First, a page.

The House Ways and Means oversight subcommittee is investigating whether the Internal Revenue Service can police the new health care law while simultaneously collecting taxes.
The probe comes after the Supreme Court upheld the law's health insurance mandate, saying it could survive as a tax.
In about 2½ years, Americans will need to provide proof on their tax returns that they have health care coverage.
The IRS will be tasked with providing tax breaks and incentives to help pay for health insurance, as well as imposing penalties on those who don't comply with the new law.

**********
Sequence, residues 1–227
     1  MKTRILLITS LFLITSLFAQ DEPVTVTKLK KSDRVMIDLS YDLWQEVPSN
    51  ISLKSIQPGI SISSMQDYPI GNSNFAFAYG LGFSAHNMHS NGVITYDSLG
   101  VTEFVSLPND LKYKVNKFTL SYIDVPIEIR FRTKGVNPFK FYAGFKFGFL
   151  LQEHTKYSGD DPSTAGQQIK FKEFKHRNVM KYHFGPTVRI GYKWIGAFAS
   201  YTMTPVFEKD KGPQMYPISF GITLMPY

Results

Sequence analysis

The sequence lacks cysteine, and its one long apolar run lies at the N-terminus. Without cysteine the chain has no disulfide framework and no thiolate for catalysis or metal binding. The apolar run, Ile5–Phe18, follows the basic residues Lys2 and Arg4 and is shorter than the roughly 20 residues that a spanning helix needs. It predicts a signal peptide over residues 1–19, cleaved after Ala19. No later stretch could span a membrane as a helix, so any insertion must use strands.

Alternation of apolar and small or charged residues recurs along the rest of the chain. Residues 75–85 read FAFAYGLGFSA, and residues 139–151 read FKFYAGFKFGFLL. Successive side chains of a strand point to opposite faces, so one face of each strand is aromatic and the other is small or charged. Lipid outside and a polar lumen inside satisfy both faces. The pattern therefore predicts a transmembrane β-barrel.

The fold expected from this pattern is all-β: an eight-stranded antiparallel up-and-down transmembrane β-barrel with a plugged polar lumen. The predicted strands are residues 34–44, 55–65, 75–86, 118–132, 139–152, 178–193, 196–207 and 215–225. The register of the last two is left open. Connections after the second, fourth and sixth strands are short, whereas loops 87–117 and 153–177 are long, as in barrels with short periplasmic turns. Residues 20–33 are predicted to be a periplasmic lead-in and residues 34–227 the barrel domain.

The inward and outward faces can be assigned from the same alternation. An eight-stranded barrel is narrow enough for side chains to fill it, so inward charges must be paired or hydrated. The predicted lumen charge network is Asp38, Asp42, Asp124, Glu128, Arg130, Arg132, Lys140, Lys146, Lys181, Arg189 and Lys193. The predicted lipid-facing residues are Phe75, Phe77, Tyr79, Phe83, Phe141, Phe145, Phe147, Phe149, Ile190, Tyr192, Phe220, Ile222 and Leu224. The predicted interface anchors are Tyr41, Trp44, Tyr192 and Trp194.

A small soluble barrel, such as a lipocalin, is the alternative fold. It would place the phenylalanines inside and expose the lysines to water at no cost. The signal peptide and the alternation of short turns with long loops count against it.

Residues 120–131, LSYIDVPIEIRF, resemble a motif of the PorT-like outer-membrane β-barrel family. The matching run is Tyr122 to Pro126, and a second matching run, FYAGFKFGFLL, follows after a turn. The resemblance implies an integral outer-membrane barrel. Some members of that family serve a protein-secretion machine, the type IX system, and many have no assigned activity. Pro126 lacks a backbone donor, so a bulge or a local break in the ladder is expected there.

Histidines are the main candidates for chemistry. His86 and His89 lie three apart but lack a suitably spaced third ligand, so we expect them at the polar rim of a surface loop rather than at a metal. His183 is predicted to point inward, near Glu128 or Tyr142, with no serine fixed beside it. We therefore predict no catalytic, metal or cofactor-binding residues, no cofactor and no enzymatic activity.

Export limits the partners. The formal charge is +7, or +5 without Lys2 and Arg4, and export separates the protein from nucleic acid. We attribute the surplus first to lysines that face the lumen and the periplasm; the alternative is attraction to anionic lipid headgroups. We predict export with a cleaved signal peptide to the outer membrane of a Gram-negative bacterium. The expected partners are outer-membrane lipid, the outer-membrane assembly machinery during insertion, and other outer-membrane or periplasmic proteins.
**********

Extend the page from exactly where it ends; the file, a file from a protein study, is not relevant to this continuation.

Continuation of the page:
Under the law, the agency will need to come up with new regulations, forms, computer programs, and outreach programs to explain changes to taxpayers and tax professionals. Thousands of new workers will need to be hired.
All of this would require a budget increase for the agency. House Republicans are already planning to stop that from happening.
"Knowing the complexity of the health law, there's no question that the IRS is going to struggle with this," said Rep. Charles Boustany Jr., R-La., chairman of the House Ways and Means oversight subcommittee.
"The IRS wants more resources," he said. "Well, we need to start digging down into what are they doing with the resources and personnel."